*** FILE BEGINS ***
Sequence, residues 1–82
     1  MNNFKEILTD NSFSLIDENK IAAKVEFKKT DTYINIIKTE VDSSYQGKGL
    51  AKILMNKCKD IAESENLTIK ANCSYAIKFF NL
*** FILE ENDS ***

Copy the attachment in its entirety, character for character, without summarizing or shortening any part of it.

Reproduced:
Sequence, residues 1–82
     1  MNNFKEILTD NSFSLIDENK IAAKVEFKKT DTYINIIKTE VDSSYQGKGL
    51  AKILMNKCKD IAESENLTIK ANCSYAIKFF NL